In 1976, the Ramones almost single-handedly invented punk rock and taught the likes of the Sex Pistols and the Clash how it was done. They combined a love of '60s pop melodies with a predilection for short, fast, loud songs and thick, chugging guitars. As part of the early NYC CBGB scene, they laid down the template that several generations of punk rockers have followed. Despite a couple of personnel changes over the years, they rarely strayed from their minimalist musical vision, rocking away until 1996. Though singer Joey and bassist/songwriter Dee Dee died in 2001 and 2002 respectively, and guitarist Johnny two years later, the Ramones still outlasted most of the bands they initially inspired.
DISC 1 for Ramones (CD) Album
By The Ramones (Artist)
No Description Available No Track Information Available Media Type: CD Artist: RAMONES Title: RAMONES Street Release Date: 06/19/2001 Domestic Genre: PUNK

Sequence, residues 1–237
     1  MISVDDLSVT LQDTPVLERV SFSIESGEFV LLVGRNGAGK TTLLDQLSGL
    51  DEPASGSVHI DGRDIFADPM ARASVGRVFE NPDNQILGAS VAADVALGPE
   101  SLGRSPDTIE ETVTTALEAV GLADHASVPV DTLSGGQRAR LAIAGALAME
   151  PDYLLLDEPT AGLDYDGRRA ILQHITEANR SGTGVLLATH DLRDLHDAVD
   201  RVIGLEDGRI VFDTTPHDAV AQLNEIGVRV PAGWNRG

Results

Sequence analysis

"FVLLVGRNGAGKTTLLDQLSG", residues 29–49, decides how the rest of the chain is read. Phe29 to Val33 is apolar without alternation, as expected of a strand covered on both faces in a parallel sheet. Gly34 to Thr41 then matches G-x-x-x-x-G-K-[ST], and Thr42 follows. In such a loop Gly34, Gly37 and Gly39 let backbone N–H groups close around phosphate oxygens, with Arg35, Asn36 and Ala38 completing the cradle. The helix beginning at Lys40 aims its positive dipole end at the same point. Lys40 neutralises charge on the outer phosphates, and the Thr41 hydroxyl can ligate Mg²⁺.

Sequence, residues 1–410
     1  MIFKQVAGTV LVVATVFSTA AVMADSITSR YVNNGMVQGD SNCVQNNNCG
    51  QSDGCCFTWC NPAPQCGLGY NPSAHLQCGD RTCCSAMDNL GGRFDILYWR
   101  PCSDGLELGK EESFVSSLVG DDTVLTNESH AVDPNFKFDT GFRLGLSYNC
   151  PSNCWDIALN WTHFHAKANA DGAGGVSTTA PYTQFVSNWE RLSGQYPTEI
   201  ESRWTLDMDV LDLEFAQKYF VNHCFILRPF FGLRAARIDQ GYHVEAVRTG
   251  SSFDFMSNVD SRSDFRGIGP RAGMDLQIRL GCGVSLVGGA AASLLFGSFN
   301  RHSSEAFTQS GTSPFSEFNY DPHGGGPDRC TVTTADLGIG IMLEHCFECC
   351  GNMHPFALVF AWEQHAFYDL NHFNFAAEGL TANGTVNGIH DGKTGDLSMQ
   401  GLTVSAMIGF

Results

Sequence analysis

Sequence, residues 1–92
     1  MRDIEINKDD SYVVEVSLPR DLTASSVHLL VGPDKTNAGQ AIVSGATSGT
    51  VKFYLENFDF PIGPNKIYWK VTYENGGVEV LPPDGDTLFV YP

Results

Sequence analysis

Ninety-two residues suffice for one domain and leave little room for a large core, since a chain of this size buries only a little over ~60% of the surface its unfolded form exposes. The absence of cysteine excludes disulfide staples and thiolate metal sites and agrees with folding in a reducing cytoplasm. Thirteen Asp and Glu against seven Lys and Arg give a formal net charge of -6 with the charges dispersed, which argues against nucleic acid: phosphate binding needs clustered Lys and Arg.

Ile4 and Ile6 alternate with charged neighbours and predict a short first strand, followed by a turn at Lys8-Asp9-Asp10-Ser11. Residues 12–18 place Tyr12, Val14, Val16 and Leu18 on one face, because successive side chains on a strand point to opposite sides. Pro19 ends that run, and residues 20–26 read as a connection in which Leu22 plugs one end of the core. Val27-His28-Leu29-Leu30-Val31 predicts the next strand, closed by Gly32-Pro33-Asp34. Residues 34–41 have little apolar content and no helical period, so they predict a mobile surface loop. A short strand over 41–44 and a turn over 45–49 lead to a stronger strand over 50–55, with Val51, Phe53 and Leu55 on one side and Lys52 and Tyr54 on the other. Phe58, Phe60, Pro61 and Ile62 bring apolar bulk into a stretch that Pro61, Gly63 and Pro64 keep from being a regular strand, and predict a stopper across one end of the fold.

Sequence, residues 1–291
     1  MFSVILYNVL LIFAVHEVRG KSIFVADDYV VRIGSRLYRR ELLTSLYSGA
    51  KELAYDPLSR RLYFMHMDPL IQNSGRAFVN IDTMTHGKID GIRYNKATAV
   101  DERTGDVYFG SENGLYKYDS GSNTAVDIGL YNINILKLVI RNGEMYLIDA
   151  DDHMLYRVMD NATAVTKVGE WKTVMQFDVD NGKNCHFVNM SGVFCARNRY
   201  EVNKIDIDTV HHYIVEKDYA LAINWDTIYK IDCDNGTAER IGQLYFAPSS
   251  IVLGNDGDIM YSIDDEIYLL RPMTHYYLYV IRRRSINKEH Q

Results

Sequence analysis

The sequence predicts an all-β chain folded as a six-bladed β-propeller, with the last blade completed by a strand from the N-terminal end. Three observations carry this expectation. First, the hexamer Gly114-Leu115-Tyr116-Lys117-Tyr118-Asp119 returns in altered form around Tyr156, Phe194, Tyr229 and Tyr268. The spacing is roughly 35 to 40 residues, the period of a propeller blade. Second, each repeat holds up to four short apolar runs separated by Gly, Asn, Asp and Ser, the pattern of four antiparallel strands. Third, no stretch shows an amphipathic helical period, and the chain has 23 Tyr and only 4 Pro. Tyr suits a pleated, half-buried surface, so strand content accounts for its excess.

The Ramones' April 1976 debut, recorded for little more than $6,000, long ago passed into legend. Its exalted status as the inspiration for thousands of punk bands worldwide, though, hasn't overshadowed its monolithic roar, the knowing hilarity of its lyrics ("Judy Is a Punk" crams the SLA, the Ice Capades, and a salute to Herman's Hermits into a 90-second frame), and the impulse to blast it for everyone within earshot: Hey, listen to this. Embracing and rewriting rock & roll history at once, Ramones speeded up heavy music, adding a pop patina to songs inspired by horror movies and glue sniffing, and claiming a great Chris Montez tune ("Let's Dance") from the supposedly fallow period that had fallen between Elvis and the Beatles. Absurdist, yeah (how could anything with Joey's super-affected Liverpool-via-Queens accent be otherwise?) and also smart: "Havana Affair" is the greatest song about the cold war this side of Dylan. This remastered edition complements the original LP with a slew of demos, including a Spectoresque "I Wanna Be Your Boyfriend," and the single version of "Blitzkrieg Bop," that, equally prophetically, puts Joey's vocal through a mixing trick that makes him sound like he's on the mic at a football game. --Rickey Wright
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